A quantity surveyor has a crucial role in the building and construction industry for many different reasons. Responsible for important aspects of building projects, the role of a quantity surveyor can be to either help the client or the contractor themselves in order to ensure projects are completed properly and on time. A role of this kind can also sometimes be known as a construction cost consultant or a commercial manager. But what does it take to be a quantity surveyor, and how does it all work?
Becoming a quantity surveyor
You must hold the right qualifications in order to become a quantity surveyor. There are university degrees available that specifically teach quantity surveying, but you may also be successful if you have studied construction, civil engineering or structural engineering at degree level.
If you don’t have the relevant degree, you could also have a professional accreditation from the Royal Institute of Chartered Surveyors. Likewise, if you are a graduate hoping to become a quantity surveyor, you can look into a postgraduate conversion course that is accredited by the Royal Institution of Chartered Surveyors.
On top of having the right qualifications to progress, there are a number of skills required. A logical and practical way of thinking is crucial, alongside strong numeracy skills. The mathematical and financial demands of a quantity surveyor mean that you should possess an innovative mindset and the ability to negotiate.
How a quantity surveyor works
A quantity surveyor is responsible for managing all costs relating to a building or construction job. From the initial estimates of a project to providing value for money for all involved, a quantity surveyor manages the relationships between those involved in a building project.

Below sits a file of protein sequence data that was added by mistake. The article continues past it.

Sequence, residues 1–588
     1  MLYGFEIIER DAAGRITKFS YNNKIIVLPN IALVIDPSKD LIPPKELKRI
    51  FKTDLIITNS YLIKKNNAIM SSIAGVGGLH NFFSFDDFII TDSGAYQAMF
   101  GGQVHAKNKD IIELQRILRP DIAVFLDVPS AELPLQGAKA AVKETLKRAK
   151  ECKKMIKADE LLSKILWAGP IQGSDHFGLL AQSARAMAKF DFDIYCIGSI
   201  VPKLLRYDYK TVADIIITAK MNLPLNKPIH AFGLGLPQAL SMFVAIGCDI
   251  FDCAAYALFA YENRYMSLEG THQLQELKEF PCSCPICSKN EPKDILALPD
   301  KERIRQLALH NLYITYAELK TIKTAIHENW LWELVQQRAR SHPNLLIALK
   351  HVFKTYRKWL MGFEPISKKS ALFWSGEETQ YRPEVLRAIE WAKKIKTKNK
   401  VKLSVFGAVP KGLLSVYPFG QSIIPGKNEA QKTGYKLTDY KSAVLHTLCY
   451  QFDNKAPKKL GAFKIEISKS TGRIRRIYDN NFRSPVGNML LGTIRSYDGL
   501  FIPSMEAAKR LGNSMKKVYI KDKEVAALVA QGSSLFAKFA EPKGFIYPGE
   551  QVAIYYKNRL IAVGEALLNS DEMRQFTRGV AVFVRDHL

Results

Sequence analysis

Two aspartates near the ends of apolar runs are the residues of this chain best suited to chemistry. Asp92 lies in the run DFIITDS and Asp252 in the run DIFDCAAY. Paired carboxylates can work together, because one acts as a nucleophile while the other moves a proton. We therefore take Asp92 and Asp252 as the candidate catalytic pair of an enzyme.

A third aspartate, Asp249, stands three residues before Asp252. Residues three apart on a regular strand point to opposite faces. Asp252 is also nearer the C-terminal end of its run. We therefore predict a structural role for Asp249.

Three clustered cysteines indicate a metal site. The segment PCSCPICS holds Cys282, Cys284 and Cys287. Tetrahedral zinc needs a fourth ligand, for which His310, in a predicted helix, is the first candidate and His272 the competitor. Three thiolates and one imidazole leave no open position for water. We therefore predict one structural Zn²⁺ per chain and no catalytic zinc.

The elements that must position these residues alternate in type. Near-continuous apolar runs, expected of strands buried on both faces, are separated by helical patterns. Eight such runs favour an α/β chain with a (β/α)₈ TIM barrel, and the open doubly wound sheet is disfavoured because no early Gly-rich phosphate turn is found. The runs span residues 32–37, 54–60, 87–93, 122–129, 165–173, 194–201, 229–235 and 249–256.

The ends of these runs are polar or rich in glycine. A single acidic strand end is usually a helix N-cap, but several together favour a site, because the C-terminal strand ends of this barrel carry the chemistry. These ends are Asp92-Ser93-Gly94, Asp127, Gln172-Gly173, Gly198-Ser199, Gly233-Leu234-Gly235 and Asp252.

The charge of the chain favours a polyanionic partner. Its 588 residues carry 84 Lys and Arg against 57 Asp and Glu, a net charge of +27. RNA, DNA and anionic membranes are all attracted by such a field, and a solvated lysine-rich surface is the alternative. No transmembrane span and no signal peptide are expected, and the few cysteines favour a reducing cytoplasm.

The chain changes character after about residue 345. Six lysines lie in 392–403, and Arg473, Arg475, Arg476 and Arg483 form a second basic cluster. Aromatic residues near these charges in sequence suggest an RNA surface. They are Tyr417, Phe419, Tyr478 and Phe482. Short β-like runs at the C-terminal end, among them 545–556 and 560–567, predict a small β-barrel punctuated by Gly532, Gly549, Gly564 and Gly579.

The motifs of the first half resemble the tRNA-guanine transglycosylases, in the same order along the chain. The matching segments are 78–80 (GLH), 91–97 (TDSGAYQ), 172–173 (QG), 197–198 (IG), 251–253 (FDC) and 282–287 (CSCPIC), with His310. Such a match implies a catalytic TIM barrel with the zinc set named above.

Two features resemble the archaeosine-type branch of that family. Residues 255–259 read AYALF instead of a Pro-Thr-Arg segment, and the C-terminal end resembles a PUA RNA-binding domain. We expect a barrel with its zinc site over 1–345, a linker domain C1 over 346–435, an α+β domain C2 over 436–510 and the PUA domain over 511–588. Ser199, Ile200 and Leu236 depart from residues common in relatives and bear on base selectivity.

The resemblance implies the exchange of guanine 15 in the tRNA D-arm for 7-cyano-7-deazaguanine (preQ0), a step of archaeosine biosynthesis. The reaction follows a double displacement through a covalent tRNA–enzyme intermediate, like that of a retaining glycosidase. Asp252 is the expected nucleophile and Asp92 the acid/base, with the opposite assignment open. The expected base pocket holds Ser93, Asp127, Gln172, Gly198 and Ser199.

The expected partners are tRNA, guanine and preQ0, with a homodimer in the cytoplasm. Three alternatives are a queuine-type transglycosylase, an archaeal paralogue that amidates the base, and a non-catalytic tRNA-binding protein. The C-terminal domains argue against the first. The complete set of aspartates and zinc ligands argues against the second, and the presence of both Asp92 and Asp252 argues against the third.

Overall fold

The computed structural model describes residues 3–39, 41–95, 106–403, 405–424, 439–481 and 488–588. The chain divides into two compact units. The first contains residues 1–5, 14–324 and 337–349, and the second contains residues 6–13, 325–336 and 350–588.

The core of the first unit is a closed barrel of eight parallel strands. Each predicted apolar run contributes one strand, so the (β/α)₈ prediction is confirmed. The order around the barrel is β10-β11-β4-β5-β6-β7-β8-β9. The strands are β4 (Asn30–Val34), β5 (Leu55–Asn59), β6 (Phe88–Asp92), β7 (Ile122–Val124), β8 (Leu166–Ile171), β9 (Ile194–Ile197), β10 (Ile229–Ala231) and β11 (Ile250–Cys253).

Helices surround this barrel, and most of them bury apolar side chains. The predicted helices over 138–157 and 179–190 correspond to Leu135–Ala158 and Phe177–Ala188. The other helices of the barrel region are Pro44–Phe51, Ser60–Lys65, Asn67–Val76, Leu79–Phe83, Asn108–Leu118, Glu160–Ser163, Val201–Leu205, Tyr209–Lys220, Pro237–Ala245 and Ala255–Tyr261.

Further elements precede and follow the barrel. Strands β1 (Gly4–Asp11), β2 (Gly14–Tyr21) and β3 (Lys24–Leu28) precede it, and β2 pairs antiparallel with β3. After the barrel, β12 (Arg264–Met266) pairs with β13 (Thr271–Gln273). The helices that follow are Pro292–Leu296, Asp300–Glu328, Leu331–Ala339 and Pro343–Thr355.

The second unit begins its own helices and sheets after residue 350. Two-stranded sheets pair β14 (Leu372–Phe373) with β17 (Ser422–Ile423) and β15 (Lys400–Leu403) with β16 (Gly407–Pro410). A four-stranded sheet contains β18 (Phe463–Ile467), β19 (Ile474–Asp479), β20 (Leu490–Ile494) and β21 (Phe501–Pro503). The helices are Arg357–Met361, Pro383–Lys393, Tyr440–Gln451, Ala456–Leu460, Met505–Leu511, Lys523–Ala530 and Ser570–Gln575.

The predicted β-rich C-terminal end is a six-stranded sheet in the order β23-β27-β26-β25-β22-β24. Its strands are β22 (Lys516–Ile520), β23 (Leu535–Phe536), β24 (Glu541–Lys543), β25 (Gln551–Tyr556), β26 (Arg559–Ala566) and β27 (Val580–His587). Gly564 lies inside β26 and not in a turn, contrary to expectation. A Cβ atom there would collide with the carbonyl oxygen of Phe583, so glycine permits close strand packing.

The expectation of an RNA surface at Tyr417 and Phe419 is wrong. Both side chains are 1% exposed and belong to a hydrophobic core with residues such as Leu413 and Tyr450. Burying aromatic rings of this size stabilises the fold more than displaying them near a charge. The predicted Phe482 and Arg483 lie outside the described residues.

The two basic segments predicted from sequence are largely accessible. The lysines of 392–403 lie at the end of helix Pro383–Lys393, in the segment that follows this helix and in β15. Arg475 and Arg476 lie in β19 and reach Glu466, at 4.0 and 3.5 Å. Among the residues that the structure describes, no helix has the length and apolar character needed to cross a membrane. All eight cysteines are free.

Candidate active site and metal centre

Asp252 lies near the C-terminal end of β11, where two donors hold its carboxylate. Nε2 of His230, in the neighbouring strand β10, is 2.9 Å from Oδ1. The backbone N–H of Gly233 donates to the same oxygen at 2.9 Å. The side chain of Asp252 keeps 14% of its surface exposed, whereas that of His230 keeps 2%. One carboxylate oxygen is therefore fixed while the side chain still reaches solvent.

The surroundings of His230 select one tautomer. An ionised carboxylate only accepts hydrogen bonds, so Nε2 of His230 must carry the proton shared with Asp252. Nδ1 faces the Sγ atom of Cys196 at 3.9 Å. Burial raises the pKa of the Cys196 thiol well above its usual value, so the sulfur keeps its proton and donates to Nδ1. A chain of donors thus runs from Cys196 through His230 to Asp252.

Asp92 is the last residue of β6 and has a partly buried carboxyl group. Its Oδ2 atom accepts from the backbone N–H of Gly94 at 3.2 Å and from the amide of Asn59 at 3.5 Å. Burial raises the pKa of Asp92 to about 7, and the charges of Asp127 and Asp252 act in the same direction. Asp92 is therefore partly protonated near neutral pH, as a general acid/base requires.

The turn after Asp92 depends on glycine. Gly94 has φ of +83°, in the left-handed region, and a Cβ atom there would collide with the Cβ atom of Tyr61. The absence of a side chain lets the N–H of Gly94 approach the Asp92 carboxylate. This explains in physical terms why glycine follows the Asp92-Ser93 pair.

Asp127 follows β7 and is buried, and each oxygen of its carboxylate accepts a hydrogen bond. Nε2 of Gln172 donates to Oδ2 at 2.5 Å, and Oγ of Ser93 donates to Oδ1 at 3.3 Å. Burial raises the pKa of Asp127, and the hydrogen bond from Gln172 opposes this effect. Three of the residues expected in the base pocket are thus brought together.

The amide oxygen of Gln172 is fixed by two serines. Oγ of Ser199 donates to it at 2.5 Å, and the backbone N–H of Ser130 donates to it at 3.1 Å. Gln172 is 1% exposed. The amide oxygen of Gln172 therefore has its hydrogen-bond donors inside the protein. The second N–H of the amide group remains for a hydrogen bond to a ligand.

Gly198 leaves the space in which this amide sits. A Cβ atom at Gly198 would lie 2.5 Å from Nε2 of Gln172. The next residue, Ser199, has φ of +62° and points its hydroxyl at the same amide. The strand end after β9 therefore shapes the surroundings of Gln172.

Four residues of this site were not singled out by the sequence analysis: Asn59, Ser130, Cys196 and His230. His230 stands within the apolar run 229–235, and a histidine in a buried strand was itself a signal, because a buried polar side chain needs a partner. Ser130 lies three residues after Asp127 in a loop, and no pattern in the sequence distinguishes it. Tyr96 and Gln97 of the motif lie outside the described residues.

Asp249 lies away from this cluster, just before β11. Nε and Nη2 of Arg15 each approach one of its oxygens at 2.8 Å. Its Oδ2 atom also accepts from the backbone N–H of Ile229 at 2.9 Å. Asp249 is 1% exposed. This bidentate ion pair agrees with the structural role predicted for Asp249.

It’s important that you understand building legislation and have knowledge of different building materials and designs. After all, you could be in charge of a large pot of money that you must control and report on. You could be based in an office but it is most likely you will be working on the construction site itself as well as conducting meetings with those working on the building project.
Responsibilities of a quantity surveyor
A quantity surveyor is of huge importance within the building and construction industry because they are responsible for managing the cost of the project. Taking an active role in the cost analysis of the building work, a quantity surveyor is in charge of advising on potential sites, presenting detailed reports, dealing with legal matters and valuing the completed work.
The quantity surveyor is a helpful asset to builders and contractors as they act as a financial advisor, making sure that no project goes over budget and that all work is carried out according to the regulations that govern the construction industry. It is an incredibly varied role, and with more experience, a quantity surveyor could even offer advice on related topics such as property tax and advise on maintenance costs of buildings too. From initial calculations to the final cost of a building project, a quantity surveyor is there to look after the figures.
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